The Southeastern Transportation Research, Innovation, Development, and Education (STRIDE) Center teamed up with Julee Breehne, K-12 Coordinator at Herbert Wertheim College of Engineering’s UF Innovation Station in Sarasota County, to introduce students at Booker Middle School in Sarasota County to transportation engineering.
STRIDE K-12 Coordinator Ondine Wells and Breehne met with 6th, 7th, and 8th-grade students in the Brilliant Pathways College for Every Student class on September 29th via Zoom. Students learned how transportation technologies have advanced over the years and brainstormed what the future of transportation might look like. Students participated in an activity where they tested their reaction time and learned how this simple, but important measurement is used to make transportation systems safer.
“The hands-on reaction time activity was a good exercise for students,” said Haley Shaffer, a teacher at Booker Middle School. “It helped them to better understand the distractions and challenges a driver faces, and how technology could boost safety.”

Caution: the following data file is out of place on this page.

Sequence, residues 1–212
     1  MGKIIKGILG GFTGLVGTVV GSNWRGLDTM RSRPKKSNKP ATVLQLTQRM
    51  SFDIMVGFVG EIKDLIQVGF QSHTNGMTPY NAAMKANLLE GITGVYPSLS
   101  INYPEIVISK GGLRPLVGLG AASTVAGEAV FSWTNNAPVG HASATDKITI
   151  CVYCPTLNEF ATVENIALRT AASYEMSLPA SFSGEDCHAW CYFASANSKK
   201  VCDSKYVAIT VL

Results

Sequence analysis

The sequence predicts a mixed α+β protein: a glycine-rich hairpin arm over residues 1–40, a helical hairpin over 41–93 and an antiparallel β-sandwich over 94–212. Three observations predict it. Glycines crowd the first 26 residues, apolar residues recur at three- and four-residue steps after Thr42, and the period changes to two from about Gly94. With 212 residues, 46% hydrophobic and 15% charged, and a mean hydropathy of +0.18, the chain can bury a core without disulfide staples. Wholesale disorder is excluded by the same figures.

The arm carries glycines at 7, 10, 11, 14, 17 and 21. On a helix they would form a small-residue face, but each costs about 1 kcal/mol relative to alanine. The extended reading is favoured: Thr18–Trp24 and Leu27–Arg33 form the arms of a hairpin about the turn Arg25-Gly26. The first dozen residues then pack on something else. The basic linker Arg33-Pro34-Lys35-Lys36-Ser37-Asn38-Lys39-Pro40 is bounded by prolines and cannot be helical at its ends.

Recent UF research into the safety and efficacy of newly developed transportation apps was highlighted, and students shared their own thoughts on the challenges of making new technologies such as apps and autonomous vehicles safe. Interestingly, when all three grade levels were asked whether they would feel safer in a vehicle operating autonomously or driven by a person, the large majority agreed they would prefer a human driver. Developing technology is one thing, but the new generation of young drivers will need experiences like this and exposure to the science behind the technology if they are to trust in its benefits and safety.
Students discovered how our transportation future will need professionals from many different specialties, such as computer science, mechanical, civil, and transportation engineering as well as urban planning, communications, and behavioral science.